What you'll study: Toxicology

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Our MSc Analytical and Forensic Science students study analytical toxicology as a key component of the MSc course. Toxicology is the study of drugs and poisons and at USW we focus on the analytical techniques behind such analysis.

The students receive intensive practical training in a variety of laboratory techniques which will enable them to gain employment in a toxicology lab upon graduation. Indeed, several of our recent graduates are now working as forensic toxicologists currently.

During the analytical toxicology module the students will be trained in a range of specialist techniques, from analysing heavy metal pollution in soil, to poisons in saliva samples. There is a particular focus on the analysis of illegal drugs of abuse in biological samples.

Firstly the students will examine the route by which drugs enter our body and how they interact and affect us. The analysis of hair samples for drugs is a fantastic technique which is growing in popularity across the world. The technique is very useful for forensic scientists as it allows the determination of a historical record of drug abuse or abstinence to be demonstrated. Whenever people take drugs, be it cocaine, or something as trivial as a painkiller; or we smoke a cigarette or drink a beer, compounds can enter our bloodstream and circulate around our body. 

Every hair on the body has its own blood supply and as such certain compounds in our blood (alcohol, nicotine or illegal drugs for example) can enter our hair where they become bound and remain stable for long periods. Drugs or alcohol metabolites in hair can remain bound to the hair for several months.  Alcohol itself (ethanol) does not enter the hair, but rather a metabolite of alcohol, Ethyl Glucuronide (EtG) does.

Once a drug or alcohol metabolite such as EtG has entered our hair, our students begin the task of extracting it, and then analysing the sample. Drug analysis from hair samples is a complicated and time consuming process. Our students receive detailed training in all aspects of the procedure. Our students will collect hair samples from volunteers and prepare them by careful washing and sectioning.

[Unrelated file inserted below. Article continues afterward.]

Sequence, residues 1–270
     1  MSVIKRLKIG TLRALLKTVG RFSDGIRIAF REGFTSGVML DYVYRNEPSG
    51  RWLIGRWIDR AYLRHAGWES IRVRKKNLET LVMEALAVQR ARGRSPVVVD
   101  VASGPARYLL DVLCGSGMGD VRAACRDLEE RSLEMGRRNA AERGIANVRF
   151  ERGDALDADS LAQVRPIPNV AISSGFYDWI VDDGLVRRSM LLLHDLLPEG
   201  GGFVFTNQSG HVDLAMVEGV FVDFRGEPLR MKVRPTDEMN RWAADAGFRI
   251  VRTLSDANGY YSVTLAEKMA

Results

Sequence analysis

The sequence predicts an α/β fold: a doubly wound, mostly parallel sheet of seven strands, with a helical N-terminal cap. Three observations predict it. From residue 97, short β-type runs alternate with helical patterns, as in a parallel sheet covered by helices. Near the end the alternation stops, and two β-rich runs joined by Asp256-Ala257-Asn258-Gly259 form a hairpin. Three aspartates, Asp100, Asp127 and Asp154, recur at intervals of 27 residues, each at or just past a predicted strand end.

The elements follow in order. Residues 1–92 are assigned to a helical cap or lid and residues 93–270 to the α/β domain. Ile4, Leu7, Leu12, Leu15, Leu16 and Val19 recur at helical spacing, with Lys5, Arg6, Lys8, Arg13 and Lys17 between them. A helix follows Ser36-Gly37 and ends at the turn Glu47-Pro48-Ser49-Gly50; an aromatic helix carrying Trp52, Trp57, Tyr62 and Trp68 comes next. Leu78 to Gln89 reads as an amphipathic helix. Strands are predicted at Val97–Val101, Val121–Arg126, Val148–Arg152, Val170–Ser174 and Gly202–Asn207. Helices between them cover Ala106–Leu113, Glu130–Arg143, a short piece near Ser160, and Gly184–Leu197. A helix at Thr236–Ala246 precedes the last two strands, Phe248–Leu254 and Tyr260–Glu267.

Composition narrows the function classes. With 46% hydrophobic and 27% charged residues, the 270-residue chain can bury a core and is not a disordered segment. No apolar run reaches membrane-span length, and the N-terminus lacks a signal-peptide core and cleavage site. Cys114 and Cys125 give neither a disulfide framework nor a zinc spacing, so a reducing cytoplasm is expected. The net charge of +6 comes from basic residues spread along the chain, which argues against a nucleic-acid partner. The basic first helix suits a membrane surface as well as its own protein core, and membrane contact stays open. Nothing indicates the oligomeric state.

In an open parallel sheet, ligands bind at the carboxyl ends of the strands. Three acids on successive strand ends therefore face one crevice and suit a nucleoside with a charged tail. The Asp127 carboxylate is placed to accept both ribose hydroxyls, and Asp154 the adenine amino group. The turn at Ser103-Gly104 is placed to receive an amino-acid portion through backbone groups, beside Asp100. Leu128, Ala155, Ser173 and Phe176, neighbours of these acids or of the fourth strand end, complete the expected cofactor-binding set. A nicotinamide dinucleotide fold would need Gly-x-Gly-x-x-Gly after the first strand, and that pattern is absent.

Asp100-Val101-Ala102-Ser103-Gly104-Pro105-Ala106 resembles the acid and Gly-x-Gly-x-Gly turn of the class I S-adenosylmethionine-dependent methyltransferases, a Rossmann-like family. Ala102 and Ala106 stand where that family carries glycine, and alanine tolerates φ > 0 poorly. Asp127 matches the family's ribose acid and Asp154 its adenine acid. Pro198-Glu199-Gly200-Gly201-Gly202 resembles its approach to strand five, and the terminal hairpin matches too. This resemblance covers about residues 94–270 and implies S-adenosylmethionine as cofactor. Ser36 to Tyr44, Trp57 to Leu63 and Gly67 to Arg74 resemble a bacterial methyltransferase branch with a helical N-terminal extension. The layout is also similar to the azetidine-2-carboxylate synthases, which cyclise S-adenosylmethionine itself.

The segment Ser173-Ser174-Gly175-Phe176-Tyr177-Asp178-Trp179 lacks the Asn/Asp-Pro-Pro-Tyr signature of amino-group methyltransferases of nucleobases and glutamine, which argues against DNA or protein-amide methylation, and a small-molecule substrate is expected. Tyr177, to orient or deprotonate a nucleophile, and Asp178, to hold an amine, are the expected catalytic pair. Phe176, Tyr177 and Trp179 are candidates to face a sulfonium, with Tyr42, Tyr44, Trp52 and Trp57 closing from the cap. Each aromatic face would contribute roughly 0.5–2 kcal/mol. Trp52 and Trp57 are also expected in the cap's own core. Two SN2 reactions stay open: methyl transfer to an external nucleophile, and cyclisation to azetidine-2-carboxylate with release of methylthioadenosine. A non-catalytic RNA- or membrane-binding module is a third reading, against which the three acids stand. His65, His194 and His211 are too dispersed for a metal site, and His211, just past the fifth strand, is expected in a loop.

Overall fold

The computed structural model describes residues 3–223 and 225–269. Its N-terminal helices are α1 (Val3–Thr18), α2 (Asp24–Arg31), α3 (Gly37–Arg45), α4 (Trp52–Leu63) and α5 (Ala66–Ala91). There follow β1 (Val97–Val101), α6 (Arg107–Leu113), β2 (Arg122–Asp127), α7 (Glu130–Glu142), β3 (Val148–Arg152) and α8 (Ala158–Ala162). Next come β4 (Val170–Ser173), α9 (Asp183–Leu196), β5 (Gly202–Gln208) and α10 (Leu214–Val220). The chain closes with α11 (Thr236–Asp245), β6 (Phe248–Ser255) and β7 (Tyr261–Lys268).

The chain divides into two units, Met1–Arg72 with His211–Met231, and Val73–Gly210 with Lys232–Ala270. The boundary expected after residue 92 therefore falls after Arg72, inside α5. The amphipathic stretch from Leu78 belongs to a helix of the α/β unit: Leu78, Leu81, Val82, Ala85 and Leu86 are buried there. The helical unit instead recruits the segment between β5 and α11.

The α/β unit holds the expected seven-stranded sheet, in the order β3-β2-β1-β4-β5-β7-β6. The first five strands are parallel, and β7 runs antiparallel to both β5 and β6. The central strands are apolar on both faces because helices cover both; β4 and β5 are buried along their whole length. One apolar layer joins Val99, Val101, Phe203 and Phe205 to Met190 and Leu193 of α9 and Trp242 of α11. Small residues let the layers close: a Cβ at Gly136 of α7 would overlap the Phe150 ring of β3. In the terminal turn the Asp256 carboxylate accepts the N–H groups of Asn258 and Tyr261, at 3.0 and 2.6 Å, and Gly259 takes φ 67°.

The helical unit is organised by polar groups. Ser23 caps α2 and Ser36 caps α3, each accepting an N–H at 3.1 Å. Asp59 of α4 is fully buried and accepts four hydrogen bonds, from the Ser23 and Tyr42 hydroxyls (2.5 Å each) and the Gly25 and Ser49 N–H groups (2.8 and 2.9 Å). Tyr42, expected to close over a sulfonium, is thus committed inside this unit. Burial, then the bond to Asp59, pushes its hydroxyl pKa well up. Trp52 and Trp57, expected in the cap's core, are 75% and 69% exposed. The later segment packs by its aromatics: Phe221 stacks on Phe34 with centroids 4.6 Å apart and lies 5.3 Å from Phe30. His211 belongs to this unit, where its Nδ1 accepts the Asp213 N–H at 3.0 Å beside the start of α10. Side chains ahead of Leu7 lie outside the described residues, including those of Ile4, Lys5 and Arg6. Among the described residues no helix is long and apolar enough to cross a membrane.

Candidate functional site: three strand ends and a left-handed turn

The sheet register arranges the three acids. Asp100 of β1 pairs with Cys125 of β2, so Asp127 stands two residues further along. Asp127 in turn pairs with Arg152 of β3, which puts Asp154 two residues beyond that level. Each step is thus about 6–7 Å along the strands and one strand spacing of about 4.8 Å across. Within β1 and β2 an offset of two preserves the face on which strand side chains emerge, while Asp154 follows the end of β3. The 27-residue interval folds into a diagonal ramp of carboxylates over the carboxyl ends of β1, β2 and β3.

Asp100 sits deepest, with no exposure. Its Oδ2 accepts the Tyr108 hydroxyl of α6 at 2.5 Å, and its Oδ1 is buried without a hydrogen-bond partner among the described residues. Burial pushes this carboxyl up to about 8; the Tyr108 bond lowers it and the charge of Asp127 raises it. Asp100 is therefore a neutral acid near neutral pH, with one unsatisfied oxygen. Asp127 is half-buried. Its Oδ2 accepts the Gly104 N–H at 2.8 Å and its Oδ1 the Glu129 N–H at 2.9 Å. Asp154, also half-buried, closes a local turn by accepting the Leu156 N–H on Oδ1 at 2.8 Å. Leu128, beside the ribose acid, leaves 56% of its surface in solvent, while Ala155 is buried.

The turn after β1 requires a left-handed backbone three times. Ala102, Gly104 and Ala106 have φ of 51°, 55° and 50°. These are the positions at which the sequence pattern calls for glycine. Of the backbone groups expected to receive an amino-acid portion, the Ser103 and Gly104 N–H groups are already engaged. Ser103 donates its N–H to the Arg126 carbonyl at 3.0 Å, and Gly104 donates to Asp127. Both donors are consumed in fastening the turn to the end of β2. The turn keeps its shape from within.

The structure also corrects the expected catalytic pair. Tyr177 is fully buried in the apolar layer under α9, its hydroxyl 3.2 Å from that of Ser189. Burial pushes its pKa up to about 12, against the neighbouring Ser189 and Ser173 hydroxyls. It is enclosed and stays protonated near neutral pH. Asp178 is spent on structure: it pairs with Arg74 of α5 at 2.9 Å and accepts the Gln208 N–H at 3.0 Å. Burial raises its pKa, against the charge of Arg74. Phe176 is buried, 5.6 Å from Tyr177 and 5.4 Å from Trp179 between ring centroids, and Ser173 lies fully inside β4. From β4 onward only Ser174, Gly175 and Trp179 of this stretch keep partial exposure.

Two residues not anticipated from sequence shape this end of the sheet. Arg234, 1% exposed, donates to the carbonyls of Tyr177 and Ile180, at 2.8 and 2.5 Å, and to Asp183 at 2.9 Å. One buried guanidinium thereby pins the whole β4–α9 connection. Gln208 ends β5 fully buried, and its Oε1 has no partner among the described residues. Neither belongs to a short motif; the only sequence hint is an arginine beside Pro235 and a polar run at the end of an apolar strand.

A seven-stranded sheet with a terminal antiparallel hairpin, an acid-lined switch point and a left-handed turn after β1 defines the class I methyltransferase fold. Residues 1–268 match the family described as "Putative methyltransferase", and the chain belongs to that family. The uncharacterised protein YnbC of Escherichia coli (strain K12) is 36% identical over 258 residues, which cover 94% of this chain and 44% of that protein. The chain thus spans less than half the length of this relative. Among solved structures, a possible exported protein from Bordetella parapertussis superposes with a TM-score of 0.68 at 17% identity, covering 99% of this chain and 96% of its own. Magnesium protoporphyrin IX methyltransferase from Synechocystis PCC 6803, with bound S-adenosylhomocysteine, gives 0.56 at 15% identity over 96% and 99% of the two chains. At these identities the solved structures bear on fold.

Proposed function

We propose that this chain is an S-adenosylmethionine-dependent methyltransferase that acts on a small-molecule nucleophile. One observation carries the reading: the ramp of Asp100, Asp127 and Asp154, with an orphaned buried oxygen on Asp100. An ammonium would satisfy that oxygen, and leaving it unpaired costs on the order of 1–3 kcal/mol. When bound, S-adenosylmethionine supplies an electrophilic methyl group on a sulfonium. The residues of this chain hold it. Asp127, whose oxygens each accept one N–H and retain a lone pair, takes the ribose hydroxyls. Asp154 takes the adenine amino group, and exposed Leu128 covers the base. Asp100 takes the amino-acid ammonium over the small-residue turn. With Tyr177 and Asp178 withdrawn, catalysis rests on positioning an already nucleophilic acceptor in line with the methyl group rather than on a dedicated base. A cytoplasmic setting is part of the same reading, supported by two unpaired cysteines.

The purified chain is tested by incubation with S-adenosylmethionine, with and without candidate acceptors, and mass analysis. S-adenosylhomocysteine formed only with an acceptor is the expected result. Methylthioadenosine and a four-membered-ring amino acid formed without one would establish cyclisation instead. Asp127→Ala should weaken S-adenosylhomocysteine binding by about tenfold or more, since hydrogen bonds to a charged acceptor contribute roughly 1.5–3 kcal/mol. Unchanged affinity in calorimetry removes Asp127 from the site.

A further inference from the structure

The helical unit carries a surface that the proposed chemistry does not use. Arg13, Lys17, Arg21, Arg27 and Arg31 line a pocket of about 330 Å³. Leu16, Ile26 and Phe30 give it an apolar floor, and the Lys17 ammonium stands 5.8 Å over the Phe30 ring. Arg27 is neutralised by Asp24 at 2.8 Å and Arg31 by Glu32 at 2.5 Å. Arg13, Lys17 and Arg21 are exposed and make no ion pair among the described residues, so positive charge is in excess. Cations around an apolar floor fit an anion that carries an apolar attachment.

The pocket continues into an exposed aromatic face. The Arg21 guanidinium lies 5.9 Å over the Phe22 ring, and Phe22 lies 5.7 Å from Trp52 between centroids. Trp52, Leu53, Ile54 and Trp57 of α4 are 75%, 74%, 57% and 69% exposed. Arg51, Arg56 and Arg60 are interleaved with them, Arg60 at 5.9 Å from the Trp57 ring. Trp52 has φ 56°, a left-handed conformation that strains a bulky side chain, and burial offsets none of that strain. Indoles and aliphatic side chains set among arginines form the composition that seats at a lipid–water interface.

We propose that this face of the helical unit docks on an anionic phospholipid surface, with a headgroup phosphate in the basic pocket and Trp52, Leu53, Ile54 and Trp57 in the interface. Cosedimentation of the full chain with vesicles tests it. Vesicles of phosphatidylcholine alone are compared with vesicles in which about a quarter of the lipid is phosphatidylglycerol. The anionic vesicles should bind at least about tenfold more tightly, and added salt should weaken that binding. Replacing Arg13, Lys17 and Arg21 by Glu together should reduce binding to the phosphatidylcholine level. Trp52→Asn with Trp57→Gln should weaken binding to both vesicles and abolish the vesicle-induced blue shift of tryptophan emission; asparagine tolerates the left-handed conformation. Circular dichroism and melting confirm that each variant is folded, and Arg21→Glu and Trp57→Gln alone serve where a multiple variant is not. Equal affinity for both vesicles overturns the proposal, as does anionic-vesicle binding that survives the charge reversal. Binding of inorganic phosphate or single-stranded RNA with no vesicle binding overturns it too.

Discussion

To get the drugs out of the hair itself samples are treated with either acids, alkali or enzymes, sometimes even water, with the aim of leaching the internal drugs out of the hair and into solution. Once extracted the sample requires further clean-up before analysis. This is accomplished in a variety of ways. Students will conduct solid phase extraction or liquid-liquid extraction on the samples to prepare them for analysis via GCMS. GCMS stands for gas chromatography-mass spectrometry. It is an instrument widely used by forensic scientists and toxicologists to analyse drugs and poisons. It is also very commonly used in the chemistry and pharmaceutical industry.

Once hair samples have been prepared for analysis they are injected onto a GCMS system for analysis. A very hot injection port often above 250°C vaporises the sample, the sample is then pushed via a carrier gas (helium usually) around a capillary column. The column is often 30 minutes in length, but tightly wound into a small circle. The purpose of the column is to separate individual components in a complicated mixture so that they exit the column one by one. As compounds exit the column after separation they enter a mass spectrometer. The mass spectrometer is a detection device capable of detecting absolutely minute traces of organic compounds. The GCMS will produce chromatography and our students will be able to quantify the results and produce toxicology reports detailing their results. 

Our students receive specialist training in the operation and maintenance of such equipment and we also place a lot of importance on their ability to develop their own methodology for the analysis. Students will research the techniques involved, and along with supervision and training from our lecturers the students will identify strategies to detect drugs and alcohol in biological samples and see the project through to completion. These are vital skills which really make our students stand out when it comes to employment opportunities.